We all wish that our pets could stay with us forever but unfortunately losing them is a sad part of pet ownership. At Dignity we believe that talking about and preparing for pet loss is extremely important so here we will guide you through some of the things to consider and steps you can take.
Making the decision
Sadly we sometimes have to make the extremely difficult decision regarding euthanasia. It’s likely you are already beginning to grieve the loss of your pet at this point so emotions can begin to run high. Talk about your pets health and quality of life with your vet who can provide important advice about the next steps.
Pet charity Blue Cross say it’s important to talk to friends and family as well as your vet, and ask questions like the below to determine whether it’s the right time.
- Can your pet still eat, drink, sleep and move around reasonably comfortably?
- Does he or she respond to your presence and greet you?
- Does feeding time attract interest?
Even looking at the situation objectively, it’s easy to want to keep your pet around as long as possible. Pet bereavement counsellor Carrie Ball says “if it’s something you’re thinking of then it’s the right time, because you wouldn’t entertain the idea of it if doesn’t seem like the best thing to do,” she adds “when the bad days outnumber the good days then it’s time.”
There are also mobile veterinary services that can provide euthanasia at home if you feel your pet would be more comfortable, such as Cloud 9 Vets.
Coming to terms with loss
Following the loss of your pet, and sometimes even leading up to it, we often feel guilty. Despite taking the time to make the best decision for them, the question of whether it was the right one lingers. Don’t be embarrassed to feel this way as it is part of the natural grieving process. The grief will not disappear overnight, and may affect you for many years, but learning to live with your loss can help you to come to terms with it.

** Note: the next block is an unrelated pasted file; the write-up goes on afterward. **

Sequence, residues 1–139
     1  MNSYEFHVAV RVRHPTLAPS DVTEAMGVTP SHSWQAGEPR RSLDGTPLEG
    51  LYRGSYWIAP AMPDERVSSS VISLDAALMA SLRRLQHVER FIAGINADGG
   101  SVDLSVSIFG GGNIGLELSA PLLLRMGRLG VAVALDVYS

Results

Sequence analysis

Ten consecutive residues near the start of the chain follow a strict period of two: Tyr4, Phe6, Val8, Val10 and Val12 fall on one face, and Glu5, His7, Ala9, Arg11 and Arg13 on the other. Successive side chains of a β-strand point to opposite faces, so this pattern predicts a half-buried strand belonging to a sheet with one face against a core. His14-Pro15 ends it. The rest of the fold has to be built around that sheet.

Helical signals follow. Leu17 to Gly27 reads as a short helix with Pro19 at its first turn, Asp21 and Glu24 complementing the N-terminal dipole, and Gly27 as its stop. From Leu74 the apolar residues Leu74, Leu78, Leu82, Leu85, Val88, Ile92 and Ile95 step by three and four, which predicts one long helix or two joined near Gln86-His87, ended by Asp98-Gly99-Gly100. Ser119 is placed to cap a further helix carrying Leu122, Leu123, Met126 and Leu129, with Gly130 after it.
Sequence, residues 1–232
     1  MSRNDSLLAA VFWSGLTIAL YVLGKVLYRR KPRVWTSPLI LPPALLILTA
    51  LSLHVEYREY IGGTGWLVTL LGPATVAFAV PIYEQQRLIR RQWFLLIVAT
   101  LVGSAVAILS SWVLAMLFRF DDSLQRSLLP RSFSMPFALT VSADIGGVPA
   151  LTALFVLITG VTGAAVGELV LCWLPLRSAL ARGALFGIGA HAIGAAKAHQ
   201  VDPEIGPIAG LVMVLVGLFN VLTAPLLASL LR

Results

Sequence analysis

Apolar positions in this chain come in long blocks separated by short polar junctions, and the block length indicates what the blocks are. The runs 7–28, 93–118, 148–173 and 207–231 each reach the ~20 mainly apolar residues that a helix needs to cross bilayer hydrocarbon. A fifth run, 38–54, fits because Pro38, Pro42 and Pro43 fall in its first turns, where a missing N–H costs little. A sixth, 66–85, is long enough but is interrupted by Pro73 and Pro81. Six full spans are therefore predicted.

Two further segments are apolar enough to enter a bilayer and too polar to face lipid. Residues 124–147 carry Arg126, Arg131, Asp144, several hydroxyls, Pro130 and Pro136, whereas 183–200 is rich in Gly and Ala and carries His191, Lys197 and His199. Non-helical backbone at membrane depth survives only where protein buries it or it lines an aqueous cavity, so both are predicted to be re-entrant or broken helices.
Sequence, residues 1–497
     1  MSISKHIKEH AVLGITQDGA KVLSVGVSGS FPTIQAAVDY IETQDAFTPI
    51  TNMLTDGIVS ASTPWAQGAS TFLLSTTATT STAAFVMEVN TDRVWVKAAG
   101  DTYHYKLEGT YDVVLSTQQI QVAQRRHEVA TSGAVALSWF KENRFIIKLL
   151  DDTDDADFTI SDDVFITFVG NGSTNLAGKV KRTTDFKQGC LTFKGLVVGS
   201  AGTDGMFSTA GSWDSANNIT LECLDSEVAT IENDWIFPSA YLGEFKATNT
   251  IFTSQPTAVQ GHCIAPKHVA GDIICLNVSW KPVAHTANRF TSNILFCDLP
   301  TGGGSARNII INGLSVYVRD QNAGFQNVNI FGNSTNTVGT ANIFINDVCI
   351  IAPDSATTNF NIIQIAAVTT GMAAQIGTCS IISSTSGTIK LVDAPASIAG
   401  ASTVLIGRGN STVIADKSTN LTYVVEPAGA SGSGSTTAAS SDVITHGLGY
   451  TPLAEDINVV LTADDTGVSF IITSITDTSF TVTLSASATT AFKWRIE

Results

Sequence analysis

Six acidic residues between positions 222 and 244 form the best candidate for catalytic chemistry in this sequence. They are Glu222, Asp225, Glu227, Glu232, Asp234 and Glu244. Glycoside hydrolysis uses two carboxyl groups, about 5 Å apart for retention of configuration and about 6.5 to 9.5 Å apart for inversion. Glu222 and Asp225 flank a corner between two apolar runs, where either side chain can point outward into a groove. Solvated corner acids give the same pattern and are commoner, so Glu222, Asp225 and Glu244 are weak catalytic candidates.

Here are some things you can do to help ease the pain of pet loss:
- Talk to friends and family about how you are feeling
- Don’t feel ashamed about grieving the loss of your family member
- Find a way to pay tribute to your pet
- Keep active to distract you from your loss
- Find a routine that works for you
- Contact a pet bereavement service or counsellor if you need support
Choosing pet cremation
If you haven’t thought about it before it can be overwhelming trying to decide what to do with your pet following their death. There are 3 main options; burial in your garden, communal cremation via your vet, or individual cremation. Communal cremation means that your pet will be cremated alongside other pets and you cannot get their ashes back, whereas you usually get to keep them if you opt for an individual cremation. Choosing your cremation option can help with preparing for pet loss.
Many people choose an individual cremation so that they can keep their pet’s ashes close by, or if they do not have access to anywhere they can bury them. We also find many of our clients choose an individual cremation at Dignity due to the caring and respectful way we treat all pets in our care. We can provide you will a Letter of Wishes which you can give to your vet so they know who to contact when the time comes. We also offer a Pre Payment Plan for those who would like to spread the cost of their pet’s cremation, get in touch for more information.
Choosing what to do with your pet’s remains is a deeply personal decision so take the time to think over the different options. Do not feel pressured by your vet to make a decision straight away, this is your choice and you do not have to use the service they recommend. If you have any questions you can always give us a call and we will talk you through how the process works.
Preparing for Pet Loss Checklist
It’s hard to talk, or even think, about losing a pet but if you want to be prepared here are some things to consider:
- Keep an eye on your pet’s behaviour so you can spot any signs their health may be suffering
- Speak to your vet about their health and anything out of the ordinary you have noticed
- Discuss how you are feeling with friends and family
- Decide what you would like to do with your pet following their death
- Think about how you can pay tribute to them – this could be a ashes scattering ceremony, memorial plant or tree, personalised stone, framed photograph or memory box
There are lots of resources when it comes to dealing with the loss of your pet, and it’s important to reach out if you feel you need support. Take a look at our pet bereavement page for resources and links to support services and counsellors for further information.